Once you have created your source program, you can invoke the Compiler from within the COBOL Editor to check that the program is valid COBOL. When the Compiler finds a syntax error, you can return at once to the COBOL Editor. The cursor is automatically positioned at the line containing the error. You correct the error and invoke the Compiler again.

Once the program checks with no errors, you run, debug and test it using Animator, which you can also invoke from within the COBOL Editor. Animator enables you to watch and control the working of your program, seen entirely as COBOL source, and therefore makes testing and debugging very efficient.

If you find an error while testing, you can return at once to the COBOL Editor. The cursor is automatically positioned at the line you were looking at when you found the error. You correct the error and invoke the Compiler and Animator again.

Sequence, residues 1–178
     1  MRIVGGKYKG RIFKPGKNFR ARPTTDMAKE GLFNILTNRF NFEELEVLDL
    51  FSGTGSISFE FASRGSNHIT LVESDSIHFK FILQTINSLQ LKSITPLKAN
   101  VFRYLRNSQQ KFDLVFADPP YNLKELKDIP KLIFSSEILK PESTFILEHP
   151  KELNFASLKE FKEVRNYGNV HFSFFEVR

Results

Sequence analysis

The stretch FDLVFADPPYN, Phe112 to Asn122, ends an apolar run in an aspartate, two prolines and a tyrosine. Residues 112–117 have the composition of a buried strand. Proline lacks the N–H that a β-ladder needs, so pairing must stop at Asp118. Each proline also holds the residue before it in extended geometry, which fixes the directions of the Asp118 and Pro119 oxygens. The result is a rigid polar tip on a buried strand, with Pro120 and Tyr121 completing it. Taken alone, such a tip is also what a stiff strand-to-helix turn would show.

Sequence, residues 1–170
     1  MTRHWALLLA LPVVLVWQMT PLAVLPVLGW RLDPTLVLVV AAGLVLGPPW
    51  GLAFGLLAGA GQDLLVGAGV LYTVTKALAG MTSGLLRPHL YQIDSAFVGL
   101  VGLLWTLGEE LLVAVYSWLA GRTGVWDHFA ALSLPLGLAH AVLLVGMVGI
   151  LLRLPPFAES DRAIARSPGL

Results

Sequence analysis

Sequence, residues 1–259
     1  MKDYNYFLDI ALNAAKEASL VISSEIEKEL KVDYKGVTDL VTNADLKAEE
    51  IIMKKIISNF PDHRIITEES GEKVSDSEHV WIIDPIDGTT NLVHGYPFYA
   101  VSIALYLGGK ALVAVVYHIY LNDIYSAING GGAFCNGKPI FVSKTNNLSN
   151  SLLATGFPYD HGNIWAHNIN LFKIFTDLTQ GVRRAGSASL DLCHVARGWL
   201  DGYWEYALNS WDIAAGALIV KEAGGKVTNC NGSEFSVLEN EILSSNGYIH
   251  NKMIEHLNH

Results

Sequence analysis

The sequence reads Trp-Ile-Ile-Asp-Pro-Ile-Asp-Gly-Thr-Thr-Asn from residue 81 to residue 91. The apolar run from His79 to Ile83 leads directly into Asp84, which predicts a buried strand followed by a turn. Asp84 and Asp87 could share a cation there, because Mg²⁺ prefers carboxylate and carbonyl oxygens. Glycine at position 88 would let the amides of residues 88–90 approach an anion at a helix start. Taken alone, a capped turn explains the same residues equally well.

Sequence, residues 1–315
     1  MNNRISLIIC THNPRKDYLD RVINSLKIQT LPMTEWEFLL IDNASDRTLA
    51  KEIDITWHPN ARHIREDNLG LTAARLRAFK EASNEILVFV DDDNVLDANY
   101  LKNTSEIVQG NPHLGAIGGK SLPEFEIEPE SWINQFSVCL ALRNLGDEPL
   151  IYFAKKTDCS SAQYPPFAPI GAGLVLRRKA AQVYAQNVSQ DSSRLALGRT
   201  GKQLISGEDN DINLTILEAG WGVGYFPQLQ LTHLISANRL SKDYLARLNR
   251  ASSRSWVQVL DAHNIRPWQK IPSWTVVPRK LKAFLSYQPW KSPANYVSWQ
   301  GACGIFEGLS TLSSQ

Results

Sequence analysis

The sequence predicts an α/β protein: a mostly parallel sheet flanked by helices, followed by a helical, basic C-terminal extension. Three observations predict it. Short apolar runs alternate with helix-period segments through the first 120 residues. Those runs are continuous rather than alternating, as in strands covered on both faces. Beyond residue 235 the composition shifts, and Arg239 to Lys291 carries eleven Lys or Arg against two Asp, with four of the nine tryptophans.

Alternatively, the Compiler and Animator can be entered directly from the Server Express menu after you have exited from the COBOL Editor.

When your program is working correctly, you can run it using the Run function on the main menu. Any subprograms and run-time support modules that it needs are automatically loaded as necessary.

You can use Animator on programs that have been compiled or linked to any of the formats supported by Server Express: intermediate code, generated code, callable shared object code or system executable code. The ability of Animator to debug all supported executable formats means that you can debug programs at any stage of the application development cycle. Optimizing and Shipping

Once your application is working correctly you might want to optimize it and/or ship it to your users.

The Compiler's syntax check phase produces intermediate code; this is a Micro Focus proprietary code, contained in a file with a filename extension of .int, which can be interpreted by Animator and the Run function. If you want faster execution, you can create optimized object code in two native machine code formats: